So I posted the story on Facebook that I talked about in the last blog update. To recap: A woman with ALS threw a big [arty for 30-some-odd of her closest friends and then went through a doctor-assisted suicide [which was recently legalized in California]. Granted, she was a performance-artist and it's not clear from the article which abilities she had lost. I'm sure if she lost use of her hands, she probably didn't see the use in going on. I could count a hundred-and-one things I had to give up when I got this disease. Anyway, it's a controversial issue among the disability community. But I can't go into that. But what I can attest to, are the commentas on my Facebook posting. This is in an atmosphere of full-disclosure because everyone knew that I posted it, and they knew my situation. Most people thought the woman in the article was brave to do what she did. A very old friend of mine commented with food for thought: he said that good friends should be around the person with the disease all throughout, and not just show up to party with her to say thei goodbyes. I agree with him, but on the other hand, at least they partied with her while she was still alive and not just show up to cry about how much they will miss her when she's gone. Another old friend expressed in so many words that I was "brave" for going on and fighting, but she would have wanted to die. In other words, I wa shocked at how many people basically feel that they would rather be dead than in my situation. Which leaves me very grateful that -- despite all the pain I have been through -- I have managed to find joy in a world of ABILITIES, rather than buy into helplessness. I know I have some people around me that have bought into my perceiveed in-abilities; the invitations don't come anymore and the attempts to socialize have all but disappeared except for a few exceptional people. There are discomfiting looks when I mention traveling and sex, even though disabled people travel all the time, and even have sex. I have re-connected with a gentleman from my past to whom I am extremely attracted; the looks on friends' faces when I mention this, show their awkwardness. One friend said she didn't want me to "get hurt". Was she so concerned when I was able-bodied? If anything, I am so much stronger emotionally than I ever was in my former life. Another friend says she "censors" her talk because she doesn't want me to hear about anything happy in her lefe; other friends tell me that they don't want to tell me about thir probems, so as not to "burden" me. This last subject was another way to see how other peoples' minds work, and I must say I am sad for them and I hope they never have to deal with half of what I do. I realize how many people around me are weak and even ignorant. Society has to do a better job of preparing people to deal with people like me, Just sayin' 'Nuff said.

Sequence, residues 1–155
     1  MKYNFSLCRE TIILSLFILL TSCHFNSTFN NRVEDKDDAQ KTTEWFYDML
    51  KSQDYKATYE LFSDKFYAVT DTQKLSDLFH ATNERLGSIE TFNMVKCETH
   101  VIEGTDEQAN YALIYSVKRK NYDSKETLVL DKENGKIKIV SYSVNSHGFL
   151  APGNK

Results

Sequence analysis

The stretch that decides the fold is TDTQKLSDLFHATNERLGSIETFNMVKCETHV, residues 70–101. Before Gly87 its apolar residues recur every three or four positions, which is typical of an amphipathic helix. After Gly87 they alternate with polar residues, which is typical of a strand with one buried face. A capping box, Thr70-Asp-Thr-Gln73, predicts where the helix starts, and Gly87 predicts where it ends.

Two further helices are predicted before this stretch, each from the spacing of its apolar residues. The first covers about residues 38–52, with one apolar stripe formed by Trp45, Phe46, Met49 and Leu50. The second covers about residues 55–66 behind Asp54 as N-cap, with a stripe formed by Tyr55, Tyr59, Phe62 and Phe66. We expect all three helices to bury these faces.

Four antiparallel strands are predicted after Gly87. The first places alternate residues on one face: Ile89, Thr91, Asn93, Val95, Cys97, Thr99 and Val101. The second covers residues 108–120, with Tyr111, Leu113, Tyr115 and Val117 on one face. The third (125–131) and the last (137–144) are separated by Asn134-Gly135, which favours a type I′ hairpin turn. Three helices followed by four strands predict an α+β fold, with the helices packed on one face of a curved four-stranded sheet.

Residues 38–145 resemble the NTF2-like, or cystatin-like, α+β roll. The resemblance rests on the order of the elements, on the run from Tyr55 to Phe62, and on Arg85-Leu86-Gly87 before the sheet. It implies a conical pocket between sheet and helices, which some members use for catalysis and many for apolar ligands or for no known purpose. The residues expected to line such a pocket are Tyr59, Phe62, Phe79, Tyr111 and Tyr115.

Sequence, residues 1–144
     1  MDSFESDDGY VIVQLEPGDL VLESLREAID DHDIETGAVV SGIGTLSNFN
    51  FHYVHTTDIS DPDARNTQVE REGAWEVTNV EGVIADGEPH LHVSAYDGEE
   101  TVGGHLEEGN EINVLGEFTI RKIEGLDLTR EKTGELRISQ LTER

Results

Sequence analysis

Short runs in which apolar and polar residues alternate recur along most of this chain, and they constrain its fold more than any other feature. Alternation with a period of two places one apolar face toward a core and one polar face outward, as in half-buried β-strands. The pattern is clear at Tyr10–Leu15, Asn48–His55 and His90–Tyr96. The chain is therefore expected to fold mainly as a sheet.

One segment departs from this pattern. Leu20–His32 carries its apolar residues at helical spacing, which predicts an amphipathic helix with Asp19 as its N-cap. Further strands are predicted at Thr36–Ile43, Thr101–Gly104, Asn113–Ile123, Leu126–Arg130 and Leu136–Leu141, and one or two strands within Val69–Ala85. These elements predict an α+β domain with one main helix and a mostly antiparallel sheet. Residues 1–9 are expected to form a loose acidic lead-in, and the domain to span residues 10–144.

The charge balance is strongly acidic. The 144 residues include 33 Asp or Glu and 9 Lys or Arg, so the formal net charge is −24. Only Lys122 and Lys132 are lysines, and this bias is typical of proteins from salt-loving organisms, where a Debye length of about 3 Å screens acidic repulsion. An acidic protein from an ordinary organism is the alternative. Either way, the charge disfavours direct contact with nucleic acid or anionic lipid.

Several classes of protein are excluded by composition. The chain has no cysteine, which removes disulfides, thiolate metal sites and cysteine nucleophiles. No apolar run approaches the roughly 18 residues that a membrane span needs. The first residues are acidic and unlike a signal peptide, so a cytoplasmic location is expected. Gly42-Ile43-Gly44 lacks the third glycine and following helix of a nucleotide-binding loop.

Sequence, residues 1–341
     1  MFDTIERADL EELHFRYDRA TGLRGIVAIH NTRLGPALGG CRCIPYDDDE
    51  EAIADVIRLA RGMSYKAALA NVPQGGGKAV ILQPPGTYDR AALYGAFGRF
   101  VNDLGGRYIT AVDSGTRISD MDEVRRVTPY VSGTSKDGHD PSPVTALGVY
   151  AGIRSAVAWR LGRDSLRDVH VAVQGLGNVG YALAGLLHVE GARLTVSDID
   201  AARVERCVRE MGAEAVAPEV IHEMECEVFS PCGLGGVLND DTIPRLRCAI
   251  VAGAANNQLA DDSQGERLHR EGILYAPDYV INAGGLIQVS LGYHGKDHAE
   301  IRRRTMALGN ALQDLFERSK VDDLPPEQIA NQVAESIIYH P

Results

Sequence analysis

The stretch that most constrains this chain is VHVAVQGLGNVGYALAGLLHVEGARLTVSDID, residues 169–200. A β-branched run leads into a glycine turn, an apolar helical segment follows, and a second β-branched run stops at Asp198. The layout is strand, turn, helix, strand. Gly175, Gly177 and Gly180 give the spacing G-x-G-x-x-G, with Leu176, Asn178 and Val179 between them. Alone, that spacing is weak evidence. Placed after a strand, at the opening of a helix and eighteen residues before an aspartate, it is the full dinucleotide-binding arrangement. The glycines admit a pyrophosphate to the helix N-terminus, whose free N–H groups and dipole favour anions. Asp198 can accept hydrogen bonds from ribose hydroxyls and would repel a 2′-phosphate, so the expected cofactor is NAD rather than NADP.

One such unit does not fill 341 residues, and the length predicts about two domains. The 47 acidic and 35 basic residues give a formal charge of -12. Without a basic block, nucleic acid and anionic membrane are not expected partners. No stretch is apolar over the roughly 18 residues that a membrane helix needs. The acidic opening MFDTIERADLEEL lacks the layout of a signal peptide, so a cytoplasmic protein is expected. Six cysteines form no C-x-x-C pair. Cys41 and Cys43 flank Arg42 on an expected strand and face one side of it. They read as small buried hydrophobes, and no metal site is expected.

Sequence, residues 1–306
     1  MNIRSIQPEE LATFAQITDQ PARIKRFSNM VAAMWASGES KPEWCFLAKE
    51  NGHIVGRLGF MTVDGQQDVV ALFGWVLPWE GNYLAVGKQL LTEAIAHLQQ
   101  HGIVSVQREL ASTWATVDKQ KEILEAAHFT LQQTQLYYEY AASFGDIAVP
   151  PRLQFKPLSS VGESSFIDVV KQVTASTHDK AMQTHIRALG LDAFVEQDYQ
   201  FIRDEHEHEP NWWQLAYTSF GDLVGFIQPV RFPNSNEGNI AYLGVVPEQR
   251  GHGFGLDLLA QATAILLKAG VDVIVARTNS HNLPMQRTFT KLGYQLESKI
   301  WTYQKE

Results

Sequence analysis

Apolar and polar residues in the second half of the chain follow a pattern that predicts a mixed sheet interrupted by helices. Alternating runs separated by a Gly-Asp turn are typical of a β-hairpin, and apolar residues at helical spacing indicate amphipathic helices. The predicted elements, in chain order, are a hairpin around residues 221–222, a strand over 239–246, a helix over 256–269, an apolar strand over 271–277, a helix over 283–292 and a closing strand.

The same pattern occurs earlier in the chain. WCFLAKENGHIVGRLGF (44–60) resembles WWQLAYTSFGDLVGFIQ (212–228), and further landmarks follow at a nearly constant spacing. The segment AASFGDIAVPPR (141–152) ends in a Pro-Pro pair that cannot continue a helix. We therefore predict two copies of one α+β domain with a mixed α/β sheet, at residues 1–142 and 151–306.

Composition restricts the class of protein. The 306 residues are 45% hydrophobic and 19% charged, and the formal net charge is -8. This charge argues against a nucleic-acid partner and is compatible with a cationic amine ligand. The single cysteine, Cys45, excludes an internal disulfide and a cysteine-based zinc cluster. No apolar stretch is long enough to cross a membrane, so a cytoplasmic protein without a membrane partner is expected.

Anyway, the end of summer has set in, even though I will continue to go to Rockaway Beach as many weekend days as possible through September. We don't even have to go into the water, or even on the sand; we just bring reading material. Our base has become Beach 97th Street on the newly-rebuilt boardwalk. Rockaway took quite a hit in Superstorm Sand, as did my hometown of Long Beach. Both towns have rebuilt their boardwalks, which were destroyed. Long Beach's boardwalk was reconstructed by funds raised largely by hometown boy Billy Crystal [the comedian/actor -- he was a baseball star at my school who graduated the year before I entered high school -- his older brother Joel was my middle-school art teacher] Rockaway is a New York City beach. For those of you who have never been to New York City, we have beautiful city beaches along the Atlantic Ocean, and they are all free. These boardwalks are more like cement-walks now -- the old wooden boards are replaced by more sturdy material that will be better able to withstand bad storms. In the Long Beach Library, I was always mesmerriaed by photos of the old boardwalk constuction in the early 20th eentury, especially the pre-PETA photos of the use of elephants to transport the heave wood boards.